Friday, April 2, 2010

HOW TO IDENTIFY UNETHICAL EMPLOYERS.


It is very difficult for a job applicant to judge a prospective employer for adhering to ethical standards and providing a positive working environment. Especially, since, an interview, most questions are being asked by the future employer.

This article lists the two extremes types, at opposite ends of the psychological scale, with most superiors and bosses placed somewhere between. Like in most facets of life, nobody is entirely bad or good – most are somewhere between.

THE BENEVOLENT EMPLOYER.

There is a group of bosses who resume a fatherly and benevolent position towards those who work for them. Work is fairly distributed and the boss himself does not mind pitching-in and helping out. The tempo of work is guided by his own good example, as is quality, and the general prevalent mood in the workplace.

Should there be a sudden over-demand or a surge of workload, this employer will recognise this and take steps that nobody overworks and that the workload is evenly and fairly distributed with the boss himself sharing an extra duty.

His temper is very even, with a reassuring calmness that uplifts everybody working around him. He has no sanctuary that is off-limits to employees and his own office or workplace would not be distinguishable from that of his co-workers.

He is genuinely concerned for his staff and workers and, should some body be ill, the pay cheque gets delivered home punctually and regardless of the length of illness. In one case I know of personally, an employee had a heart-bypass operation with a lengthy stay in hospital and the boss himself called on the wife regularly with the pay and enquired whether she would need anything else done around her house.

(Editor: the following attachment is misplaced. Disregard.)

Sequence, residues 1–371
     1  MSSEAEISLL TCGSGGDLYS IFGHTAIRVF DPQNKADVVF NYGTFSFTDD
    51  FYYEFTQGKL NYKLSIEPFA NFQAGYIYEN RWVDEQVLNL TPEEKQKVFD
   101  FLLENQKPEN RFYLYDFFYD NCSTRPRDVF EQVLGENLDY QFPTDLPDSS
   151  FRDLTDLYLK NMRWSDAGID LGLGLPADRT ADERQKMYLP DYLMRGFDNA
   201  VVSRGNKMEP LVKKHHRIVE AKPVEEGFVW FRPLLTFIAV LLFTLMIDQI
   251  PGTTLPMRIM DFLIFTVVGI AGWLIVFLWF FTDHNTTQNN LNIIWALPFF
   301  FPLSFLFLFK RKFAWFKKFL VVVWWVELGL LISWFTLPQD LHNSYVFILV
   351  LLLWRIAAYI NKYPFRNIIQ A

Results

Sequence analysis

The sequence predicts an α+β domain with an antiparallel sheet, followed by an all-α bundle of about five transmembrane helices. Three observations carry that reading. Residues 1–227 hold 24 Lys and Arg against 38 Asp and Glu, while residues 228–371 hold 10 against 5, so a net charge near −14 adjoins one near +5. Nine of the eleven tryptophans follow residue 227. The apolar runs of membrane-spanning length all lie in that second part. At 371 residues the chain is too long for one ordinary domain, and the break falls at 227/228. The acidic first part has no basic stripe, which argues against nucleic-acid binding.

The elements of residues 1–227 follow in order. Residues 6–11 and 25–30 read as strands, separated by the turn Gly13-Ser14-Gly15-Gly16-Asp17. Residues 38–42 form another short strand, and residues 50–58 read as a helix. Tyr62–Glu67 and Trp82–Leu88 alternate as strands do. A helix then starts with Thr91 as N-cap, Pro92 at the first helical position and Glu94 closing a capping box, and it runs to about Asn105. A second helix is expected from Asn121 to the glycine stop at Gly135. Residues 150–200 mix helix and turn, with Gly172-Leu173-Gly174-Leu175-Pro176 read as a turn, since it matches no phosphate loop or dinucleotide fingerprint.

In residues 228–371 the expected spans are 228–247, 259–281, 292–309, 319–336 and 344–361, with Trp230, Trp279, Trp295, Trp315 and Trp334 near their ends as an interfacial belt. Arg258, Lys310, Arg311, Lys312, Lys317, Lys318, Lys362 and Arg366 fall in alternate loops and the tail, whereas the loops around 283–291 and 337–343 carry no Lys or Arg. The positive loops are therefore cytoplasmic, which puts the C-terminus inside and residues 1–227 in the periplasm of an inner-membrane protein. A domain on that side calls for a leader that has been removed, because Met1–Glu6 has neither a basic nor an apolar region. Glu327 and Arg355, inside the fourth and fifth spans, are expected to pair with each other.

For the duration of this employee’s sick-leave, this boss worked on the shop floor in person, mingling with the other employees and being practically indistinguishable in work and manners from anybody else.

All this is done with the before-mentioned even temper and an air of teamwork.

When this employee finally returned from his long sick leave, he resumed his position with ease, whilst the boss returned into his office to resume his task of running his business. Little weaknesses and transgressions are overlooked or, at it’s worst, the person is reprimanded a day later in a fatherly fashion.

They do not seem to have the misfortune of employing a bad worker as they either instinctively select the right person or simply lead with positivism and good example.

There is a noticeable absence of fear or working-anxiety as each employee knows that he or she is a member of a smooth-running team!

THE IMTIMIDATOR

This type of person is basing the smooth-running of his business on fear. His demeanour is reserved to the point of haughtiness, his appearance is impeccable, his voice is artificially low and stentoric. He has an on-stage personality, geared to impress. His common phrases are peppered with ‘however’, ‘furthermore’, ‘if you only knew what we know!’ ‘I thought of that!’ is the common reply to a valuable suggestions put forward by a willing employee. Reports by an employees are interrupted with: ‘I know exactly what you you want to say!’ or a ‘We know all about that!’ are uttered with a reprimanding stare.